ASCO: PAM4-Antigen Detects Early Pancreatic CancerLast Updated: January 19, 2012. The PAM4-antigen immunoassay detects approximately two-thirds of patients with stage 1 pancreatic ductal adenocarcinoma; and use of spatial-domain low-coherence quantitative phase microscopy accurately distinguishes non-dysplastic intestinal metaplasia from high-grade dysplasia or esophageal adenocarcinoma in patients with Barrett's esophagus, according to two studies presented at the American Society of Clinical Oncology's annual Gastrointestinal Cancers Symposium, held from Jan. 19 to 21 in San Francisco.
THURSDAY, Jan. 19 (HealthDay News) -- The PAM4-antigen immunoassay detects approximately two-thirds of patients with stage 1 pancreatic ductal adenocarcinoma (PDAC); and use of spatial-domain low-coherence quantitative phase microscopy (SL-QPM) accurately distinguishes non-dysplastic intestinal metaplasia (IM) from high-grade dysplasia (HGD) or esophageal adenocarcinoma (EAC) in patients with Barrett's esophagus, according to two studies presented at the American Society of Clinical Oncology's annual Gastrointestinal Cancers Symposium, held from Jan. 19 to 21 in San Francisco.
David V. Gold, Ph.D., from the Center for Molecular Medicine and Immunology/Garden State Cancer Center in Morris Plains, N.J., and colleagues evaluated sera from patients with malignant and benign diseases of the pancreas using an enzyme immunoassay for concentration of PAM4-antigen levels. The investigators found that the overall sensitivity of detection of PDAC was 76 percent, with 64 and 85 percent sensitivity for patients with stage 1 disease and advanced disease, respectively. Only 19 percent of the 126 patients with benign conditions of the pancreas tested positive.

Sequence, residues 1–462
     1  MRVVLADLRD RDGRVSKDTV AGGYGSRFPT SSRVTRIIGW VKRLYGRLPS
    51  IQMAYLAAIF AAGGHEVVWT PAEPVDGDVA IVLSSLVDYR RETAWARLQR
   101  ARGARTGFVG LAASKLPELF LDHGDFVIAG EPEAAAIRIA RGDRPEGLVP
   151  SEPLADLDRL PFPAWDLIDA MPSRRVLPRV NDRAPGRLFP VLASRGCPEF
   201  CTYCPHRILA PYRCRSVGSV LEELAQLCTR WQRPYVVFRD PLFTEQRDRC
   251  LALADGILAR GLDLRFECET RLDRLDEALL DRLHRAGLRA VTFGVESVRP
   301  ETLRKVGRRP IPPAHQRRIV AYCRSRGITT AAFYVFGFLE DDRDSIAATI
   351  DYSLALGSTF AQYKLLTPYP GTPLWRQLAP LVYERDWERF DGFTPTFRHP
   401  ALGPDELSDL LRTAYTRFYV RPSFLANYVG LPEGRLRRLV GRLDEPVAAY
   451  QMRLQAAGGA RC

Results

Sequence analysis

Randall Brand, M.D., from the University of Pittsburgh, and colleagues investigated use of SL-QPM to detect changes in the IM in a retrospective study of 60 patients with Barrett's esophagus (33 with IM and 27 with HGD or EAC). The technique identified three significant optical biomarkers. A prediction model combining all three had 89 percent sensitivity and 76 percent specificity for distinguishing Barrett's esophagus from HGD/EAC.
"If subsequent testing proves successful, our approach could lead to simpler and more effective ways of monitoring for patients with Barrett's esophagus. Such a monitoring program would identify a subset of high-risk Barrett's patients who need more intensive surveillance, and who could also be candidates for therapy to destroy the precancerous tissue," Brand said in a statement.
One of the authors from the Gold study disclosed financial ties to Immunomedics.
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